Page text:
UD Arena PA announcer living a dream in 21 seasons at the mic

Jeff Stevens kept bringing energy in empty arena this season

Fans of the Dayton Flyers can’t see the name Scoochie Smith without hearing “Scoooochie Smith!” in their heads.

The same goes for the name Obi Toppin. “Obiiiii Toppppin!” will echo off the walls of UD Arena for years.

Jeff Stevens has immortalized those two memorable names — and many more — in 21 seasons as the public address announcer at UD Arena. He took over for Charlie Robinson, who had the job for 29 seasons (1971-2000). Robinson replaced John Marschall, who had called games since the days of the UD Fieldhouse, in UD Arena’s second season.

That makes Stevens only third PA announcer for Dayton men’s basketball games in the history of UD Arena. He will announce the Atlantic 10 Conference championship game on Sunday at UD Arena, and while Virginia Commonwealth and St. Bonaventure will be playing instead of Dayton, he looks forward to being back on the microphone for Dayton games next season — and hopefully in front of sold-out crowds.

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In his day job, Stevens works as a radio host for iHeartMedia stations. He hosts “The 80′s Show,” which airs on Saturday nights and is syndicated across the country. Stevens got his start in public-address announcing with the Dayton Dragons, and that experience led to the job at UD Arena.

A Tippecanoe High School graduate who still lives in Tipp City, Stevens spoke to the Dayton Daily News late last month about his experiences at UD Arena over the years. Here are some highlights from the interview:

On how he got the job before the 2000-01 season: I remember going into the arena, and I was sitting there with a VCR and probably a 13-inch TV monitor. They’re like, “We’re going to watch some video, and we want you to announce.” I hadn’t really followed the Flyers much. I didn’t know any of the players. Quite honestly, the screen was so bad, if it had been LeBron James, I wouldn’t have been able to tell. They said, “That’s Tony Stanley.” I said, “Tony Stanley for 3!” They said, “OK, Tony Stanley’s going to foul this guy.” I said, “Flyer foul is on Tony Stanley. His first, team fifth.” It was about 45 seconds, and they said, “Thanks for coming by.”

I walked out of the arena, and I was like, “There’s a job I will never have to worry about in my future.” This was a terrible audition. It was almost humorous. Then they called me a week later and said, “Hey, would you be the next PA voice of the Flyers?” I said, “Are you sure you called the right person? My audition wasn’t great.” They said, “We love what you do with the Dragons. We heard enough potential.” I was shocked.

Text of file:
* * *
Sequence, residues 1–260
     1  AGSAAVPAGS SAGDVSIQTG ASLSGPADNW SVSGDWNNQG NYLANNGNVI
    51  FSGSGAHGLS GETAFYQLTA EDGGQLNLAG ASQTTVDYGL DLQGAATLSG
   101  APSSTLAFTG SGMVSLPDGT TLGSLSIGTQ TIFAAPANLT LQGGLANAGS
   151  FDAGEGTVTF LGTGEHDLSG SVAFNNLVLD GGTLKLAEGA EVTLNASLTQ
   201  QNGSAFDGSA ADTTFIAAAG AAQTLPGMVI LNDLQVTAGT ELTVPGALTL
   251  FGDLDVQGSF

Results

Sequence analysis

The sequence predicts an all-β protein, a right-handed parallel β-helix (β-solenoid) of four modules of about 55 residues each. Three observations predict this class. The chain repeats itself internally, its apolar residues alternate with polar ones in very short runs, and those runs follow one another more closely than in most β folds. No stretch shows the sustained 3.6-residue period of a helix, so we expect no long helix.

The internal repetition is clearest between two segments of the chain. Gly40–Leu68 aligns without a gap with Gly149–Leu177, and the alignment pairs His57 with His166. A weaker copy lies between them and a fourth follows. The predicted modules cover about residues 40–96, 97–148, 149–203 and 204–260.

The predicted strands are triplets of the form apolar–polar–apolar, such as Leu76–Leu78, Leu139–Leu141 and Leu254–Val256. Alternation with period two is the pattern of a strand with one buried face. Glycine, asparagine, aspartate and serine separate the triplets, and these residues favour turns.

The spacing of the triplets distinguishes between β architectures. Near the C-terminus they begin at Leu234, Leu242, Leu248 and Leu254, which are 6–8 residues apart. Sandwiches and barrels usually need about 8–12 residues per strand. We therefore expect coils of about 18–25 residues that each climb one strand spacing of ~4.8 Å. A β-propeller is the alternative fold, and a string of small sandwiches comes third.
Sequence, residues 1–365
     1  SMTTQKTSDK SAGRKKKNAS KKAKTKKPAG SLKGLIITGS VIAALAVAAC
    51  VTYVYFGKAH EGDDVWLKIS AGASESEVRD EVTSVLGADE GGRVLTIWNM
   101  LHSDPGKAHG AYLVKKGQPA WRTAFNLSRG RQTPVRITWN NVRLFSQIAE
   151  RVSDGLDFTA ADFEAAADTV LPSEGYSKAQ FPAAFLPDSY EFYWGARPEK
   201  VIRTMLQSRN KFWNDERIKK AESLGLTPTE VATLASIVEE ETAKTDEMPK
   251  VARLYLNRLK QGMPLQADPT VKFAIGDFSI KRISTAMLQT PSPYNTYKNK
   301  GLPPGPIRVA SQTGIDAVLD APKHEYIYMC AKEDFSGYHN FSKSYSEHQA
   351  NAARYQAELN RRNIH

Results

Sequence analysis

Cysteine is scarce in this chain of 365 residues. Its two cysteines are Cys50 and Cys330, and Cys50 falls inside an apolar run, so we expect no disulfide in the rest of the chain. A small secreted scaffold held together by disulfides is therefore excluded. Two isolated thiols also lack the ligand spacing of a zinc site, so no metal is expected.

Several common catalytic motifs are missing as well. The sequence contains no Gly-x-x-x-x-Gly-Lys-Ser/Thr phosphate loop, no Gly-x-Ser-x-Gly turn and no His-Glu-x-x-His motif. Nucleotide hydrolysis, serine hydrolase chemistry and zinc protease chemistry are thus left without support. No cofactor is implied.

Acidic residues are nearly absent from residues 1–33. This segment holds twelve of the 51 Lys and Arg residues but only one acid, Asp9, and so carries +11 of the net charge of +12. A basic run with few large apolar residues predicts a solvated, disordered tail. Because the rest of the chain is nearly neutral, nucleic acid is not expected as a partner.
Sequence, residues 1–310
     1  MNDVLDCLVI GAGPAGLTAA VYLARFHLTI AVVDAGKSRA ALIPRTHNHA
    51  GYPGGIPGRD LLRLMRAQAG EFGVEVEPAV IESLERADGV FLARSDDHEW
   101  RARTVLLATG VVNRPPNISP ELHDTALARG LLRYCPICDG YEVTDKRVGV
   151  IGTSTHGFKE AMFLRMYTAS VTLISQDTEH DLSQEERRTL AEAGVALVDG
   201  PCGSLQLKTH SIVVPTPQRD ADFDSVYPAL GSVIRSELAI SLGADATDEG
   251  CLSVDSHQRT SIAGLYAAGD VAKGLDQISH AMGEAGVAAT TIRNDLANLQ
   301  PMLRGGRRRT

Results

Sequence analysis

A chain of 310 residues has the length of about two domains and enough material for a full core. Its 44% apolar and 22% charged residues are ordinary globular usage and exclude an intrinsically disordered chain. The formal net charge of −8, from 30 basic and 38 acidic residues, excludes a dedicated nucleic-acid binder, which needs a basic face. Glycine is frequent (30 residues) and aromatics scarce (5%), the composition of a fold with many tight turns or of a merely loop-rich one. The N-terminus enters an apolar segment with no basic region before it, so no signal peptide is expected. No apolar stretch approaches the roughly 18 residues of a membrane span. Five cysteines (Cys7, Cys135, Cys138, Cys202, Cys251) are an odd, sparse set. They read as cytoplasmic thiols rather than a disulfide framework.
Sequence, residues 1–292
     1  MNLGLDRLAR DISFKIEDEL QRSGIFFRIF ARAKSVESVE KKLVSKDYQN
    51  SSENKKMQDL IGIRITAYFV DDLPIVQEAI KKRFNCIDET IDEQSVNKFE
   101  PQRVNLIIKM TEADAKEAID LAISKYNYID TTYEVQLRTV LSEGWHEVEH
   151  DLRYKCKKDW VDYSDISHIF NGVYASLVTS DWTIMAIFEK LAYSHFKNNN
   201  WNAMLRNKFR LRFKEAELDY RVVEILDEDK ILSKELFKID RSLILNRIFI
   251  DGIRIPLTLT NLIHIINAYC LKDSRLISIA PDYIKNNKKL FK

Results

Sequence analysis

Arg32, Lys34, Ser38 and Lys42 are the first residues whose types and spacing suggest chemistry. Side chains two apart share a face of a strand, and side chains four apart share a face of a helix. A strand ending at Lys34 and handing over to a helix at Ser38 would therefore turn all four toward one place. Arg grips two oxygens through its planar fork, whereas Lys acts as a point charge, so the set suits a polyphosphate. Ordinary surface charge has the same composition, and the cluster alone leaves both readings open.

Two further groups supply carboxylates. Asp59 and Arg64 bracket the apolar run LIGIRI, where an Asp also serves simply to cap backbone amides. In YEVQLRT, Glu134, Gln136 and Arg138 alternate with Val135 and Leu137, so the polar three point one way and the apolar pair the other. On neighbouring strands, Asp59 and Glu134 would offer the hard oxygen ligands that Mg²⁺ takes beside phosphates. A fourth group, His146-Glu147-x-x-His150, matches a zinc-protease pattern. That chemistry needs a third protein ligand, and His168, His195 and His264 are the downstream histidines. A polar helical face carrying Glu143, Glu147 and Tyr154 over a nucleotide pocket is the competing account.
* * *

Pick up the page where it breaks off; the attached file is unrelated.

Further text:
On what the opportunity meant to him: I was a Flyer fan. I had grown up watching them. I wasn’t at games all the time, and I went to Bowling Green for college, so I was away for a while. I had gotten out of college and gone right into radio. I would always follow the Flyers, but I wasn’t a die-hard. I just always had an appreciation for what was going on with the program. To be asked was a crazy, amazing honor. I thought, “Holy cow, one guy’s been doing this for 30 years. Now they’re asking me. I do not want to mess this up.” So I dove in headfirst on the Flyer Faithful. I got there really quickly as far as living and breathing and bleeding Dayton basketball, and I’ve loved it ever since.

On the 29-2 season of 2019-20: There have been some incredibly special moments the last 21 years, but there’s never been anything close to the to the electricity of last year.

On how the job changed in a mostly empty arena this season: I do find there are times when there’s a really big 3 and we’ve pulled out in front by one toward the end of the game and my adrenaline’s going crazy and I’m hitting it just as hard and then I realize that I really can only hear my voice. Usually, that rush of the crowd comes right after that or during it. The crowd is so loud that I can’t even hear myself by the end of the end of the name. That’s definitely missing. I don’t push it any less. At least, I don’t think I do. But I thought I’m just going to go at it like the place is full and like it’s March Madness every day. I’m going to give it all that I can and and try to keep my energy up because honestly I think the players deserve that. They have so few things in a game that I think probably feels like last year. I did realize that I’m one of the few things that is part of what hopefully energizes them. I don’t want to let them down.

On his favorite story from 21 seasons: LeBron James is playing (at UD in 2003) his senior year of high school. The game’s over, and I announced the final score and that’s the game. LeBron comes right over to me and says, “Give me the mic.” I go, “I can’t just give you the mic.” I don’t know what he’s going to say, right? There’s 13,000 people in there. He goes, “Bro, give me the mic.” LeBron’s mom is sitting behind me, and she says, “Give him the mic.”

A UD official gave Stevens permission to give the microphone to James, who used the opportunity to thank the crowd and give the MVP trophy awarded to him to teammate Corey Jones instead.

I didn’t want to get in trouble. But It was totally fine. It was cool.

On his career goals: My dream was always to have some sort of syndicated radio show or be in a big market, and with technology, it’s kind of been able to happen without having to leave my home base. I thought I was going to have to move to Chicago or do something like that. Dayton is my home. This is where I want to be and to be able to be on the radio in other cities but not have to leave my hometown is is the coolest thing ever.

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